We Can Do Better: Mental Health Advocacy Forum with MOMI

We Can Do Better: Mental Health Advocacy Forum with MOMI

When:
November 13, 2018 @ 6:00 pm – 8:00 pm
2018-11-13T18:00:00-08:00
2018-11-13T20:00:00-08:00
Where:
St. Paul's United Church of Christ - Sanctuary
6512 12th Ave NW
Seattle
WA 98117
Cost:
Free

Please join Mothers of the Mentally Ill (MOMI) and NAMI Seattle for a community forum to discuss ways Washington State can do better, and invite others from your professional and political circles. We appreciate an RSVP to this email address: intern@namiseattle.org.

Our loved ones struggle with life-threatening psychosis. They are put in jail when they are sick. They are denied care unless they are violent. They are discarded into homelessness. Some have attempted or completed suicide.

Our families are in a State of Emergency, because the systems meant to support our loved ones aren’t working.

MOMI assembled this spring, while many of us struggled with seriously ill children in jail, because their illness is treated like a crime. We live the horror that our family members with Serious Mental illness (SMI) are 10 times more likely to go to jail than hospitals. 

Our families have researched laws and policies to build a sensible and workable agenda that we presented to Governor Jay Inslee on June 26. The system is broken, but we can fix it.

During our meeting, Governor Inslee assured us that:

  • He recognizes that Serious Mental Illness has been criminalized by poor laws and policies.
  • He wants to make Mental Healthcare a priority in the upcoming session.
  • He will give us a voice in the process

In Olympia we also spent three hours in conversation with Rashi Gupta, the governor’s adviser for mental health, and Ken Taylor from the Behavioral Health Administration. They encouraged our action plan and recommended that we talk to community members about our ideas.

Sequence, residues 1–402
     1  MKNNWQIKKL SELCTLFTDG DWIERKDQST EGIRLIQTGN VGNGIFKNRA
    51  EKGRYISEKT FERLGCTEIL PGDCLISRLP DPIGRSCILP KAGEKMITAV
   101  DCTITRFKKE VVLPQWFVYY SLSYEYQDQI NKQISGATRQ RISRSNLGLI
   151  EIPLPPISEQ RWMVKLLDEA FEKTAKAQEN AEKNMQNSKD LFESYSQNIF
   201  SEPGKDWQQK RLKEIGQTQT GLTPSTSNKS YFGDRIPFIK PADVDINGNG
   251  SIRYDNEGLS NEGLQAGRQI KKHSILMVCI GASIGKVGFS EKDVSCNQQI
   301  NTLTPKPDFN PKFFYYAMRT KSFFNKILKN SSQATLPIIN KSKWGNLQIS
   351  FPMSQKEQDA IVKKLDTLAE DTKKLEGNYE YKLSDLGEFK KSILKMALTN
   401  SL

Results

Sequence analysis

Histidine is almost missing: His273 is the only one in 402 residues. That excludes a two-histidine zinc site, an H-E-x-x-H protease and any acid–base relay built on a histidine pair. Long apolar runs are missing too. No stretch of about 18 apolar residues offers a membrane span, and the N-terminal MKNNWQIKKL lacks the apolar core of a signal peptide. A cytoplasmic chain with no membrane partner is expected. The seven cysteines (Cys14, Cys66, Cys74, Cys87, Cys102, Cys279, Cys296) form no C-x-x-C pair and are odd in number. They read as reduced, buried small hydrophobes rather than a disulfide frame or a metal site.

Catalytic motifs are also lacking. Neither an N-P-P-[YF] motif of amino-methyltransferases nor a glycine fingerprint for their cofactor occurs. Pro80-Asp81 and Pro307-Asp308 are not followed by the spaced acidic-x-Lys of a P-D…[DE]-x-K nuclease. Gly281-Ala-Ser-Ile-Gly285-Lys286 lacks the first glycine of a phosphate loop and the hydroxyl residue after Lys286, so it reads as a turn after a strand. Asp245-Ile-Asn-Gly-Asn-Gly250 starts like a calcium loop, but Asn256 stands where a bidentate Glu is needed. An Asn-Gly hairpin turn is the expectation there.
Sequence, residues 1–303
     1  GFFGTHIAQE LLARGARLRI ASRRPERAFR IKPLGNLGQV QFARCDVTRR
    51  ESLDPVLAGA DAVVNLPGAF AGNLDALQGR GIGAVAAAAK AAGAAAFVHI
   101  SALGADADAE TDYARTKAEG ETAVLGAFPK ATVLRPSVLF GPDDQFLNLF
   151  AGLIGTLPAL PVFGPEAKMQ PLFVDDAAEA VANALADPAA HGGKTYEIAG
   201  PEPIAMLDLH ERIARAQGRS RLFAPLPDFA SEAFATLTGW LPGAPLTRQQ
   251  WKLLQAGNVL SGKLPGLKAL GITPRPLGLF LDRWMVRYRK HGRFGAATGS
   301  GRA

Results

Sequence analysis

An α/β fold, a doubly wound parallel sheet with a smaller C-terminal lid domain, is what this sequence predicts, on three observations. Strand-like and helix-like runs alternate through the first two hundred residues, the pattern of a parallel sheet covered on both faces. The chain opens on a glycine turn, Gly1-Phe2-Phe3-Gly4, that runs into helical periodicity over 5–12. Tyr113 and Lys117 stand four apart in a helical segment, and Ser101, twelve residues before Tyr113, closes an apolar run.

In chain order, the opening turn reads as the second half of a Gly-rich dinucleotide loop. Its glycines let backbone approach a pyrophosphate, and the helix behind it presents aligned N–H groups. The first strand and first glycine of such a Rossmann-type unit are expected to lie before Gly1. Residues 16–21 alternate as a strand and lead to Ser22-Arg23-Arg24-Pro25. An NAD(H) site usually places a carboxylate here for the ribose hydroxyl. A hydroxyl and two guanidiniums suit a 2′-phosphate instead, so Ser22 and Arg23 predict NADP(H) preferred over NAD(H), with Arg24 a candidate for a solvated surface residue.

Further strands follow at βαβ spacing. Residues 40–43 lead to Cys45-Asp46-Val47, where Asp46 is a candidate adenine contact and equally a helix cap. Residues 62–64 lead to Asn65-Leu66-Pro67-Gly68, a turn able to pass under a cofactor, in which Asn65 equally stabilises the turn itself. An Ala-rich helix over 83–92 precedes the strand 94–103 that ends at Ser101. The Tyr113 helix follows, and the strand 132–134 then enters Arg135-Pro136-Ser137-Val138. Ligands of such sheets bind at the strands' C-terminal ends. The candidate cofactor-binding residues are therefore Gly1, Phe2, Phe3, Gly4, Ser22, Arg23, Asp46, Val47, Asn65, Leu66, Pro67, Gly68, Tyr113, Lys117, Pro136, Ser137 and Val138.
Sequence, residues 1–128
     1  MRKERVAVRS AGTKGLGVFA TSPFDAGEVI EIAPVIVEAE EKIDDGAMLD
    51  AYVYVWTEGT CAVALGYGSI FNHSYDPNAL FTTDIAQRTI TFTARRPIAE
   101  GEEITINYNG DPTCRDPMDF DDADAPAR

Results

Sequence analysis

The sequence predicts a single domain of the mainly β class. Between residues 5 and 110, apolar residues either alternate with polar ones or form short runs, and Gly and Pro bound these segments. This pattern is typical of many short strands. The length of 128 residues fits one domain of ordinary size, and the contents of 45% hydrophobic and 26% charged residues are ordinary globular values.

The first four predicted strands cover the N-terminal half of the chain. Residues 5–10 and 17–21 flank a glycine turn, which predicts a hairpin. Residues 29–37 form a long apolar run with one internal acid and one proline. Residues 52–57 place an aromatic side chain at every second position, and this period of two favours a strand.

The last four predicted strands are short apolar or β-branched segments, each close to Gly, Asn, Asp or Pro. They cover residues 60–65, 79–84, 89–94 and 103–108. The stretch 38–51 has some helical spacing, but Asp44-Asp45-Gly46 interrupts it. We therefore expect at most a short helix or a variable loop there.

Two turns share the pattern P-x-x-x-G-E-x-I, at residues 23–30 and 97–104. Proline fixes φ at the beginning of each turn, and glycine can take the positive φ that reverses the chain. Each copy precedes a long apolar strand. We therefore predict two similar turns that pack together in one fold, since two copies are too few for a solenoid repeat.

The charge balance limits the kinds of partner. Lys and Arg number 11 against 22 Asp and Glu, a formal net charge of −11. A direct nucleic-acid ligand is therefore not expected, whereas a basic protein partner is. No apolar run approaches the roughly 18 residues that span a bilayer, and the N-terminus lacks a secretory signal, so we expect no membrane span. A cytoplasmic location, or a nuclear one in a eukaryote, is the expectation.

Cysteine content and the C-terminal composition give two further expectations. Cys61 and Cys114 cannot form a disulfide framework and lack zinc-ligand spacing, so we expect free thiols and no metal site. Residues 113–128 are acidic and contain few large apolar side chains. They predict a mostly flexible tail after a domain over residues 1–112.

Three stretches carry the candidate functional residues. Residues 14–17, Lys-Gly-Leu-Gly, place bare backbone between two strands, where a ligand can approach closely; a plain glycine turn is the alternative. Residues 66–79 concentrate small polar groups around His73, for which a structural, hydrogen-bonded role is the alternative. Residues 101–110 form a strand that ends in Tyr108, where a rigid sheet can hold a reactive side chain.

Here’s what’s on our discussion agenda:

  • Why mental health should be treated like other serious medical conditions, based on a person’s level of illness and need for help, not based on crime or suicidal/homicidal threats.
  • Anosognosia, when our loved ones can’t know they are sick. At least 50 percent of Serious Mental Illness (extreme depression, bipolar or schizophrenia) includes this dangerous symptom.
  • How our state has failed to front-fund the most economical and evidence-based treatment programs. Our state is average for mental health spending but falls to the bottom in efficacy.
  • Hear directly from 3-4 community members about their personal experience with mental health systems in our region.
  • How our families can influence change.

We also encourage you to read “My Son is Mentally Ill; So Listen Up” by MOMI leader, Jerri Clark, as featured on Pete Early’s blog.

This is a free event! Please RSVP to: intern@namiseattle.org.

Folks who would like to attend this presentation virtually, we will be streaming via Zoom (as long as the technology gods are smiling our way!)

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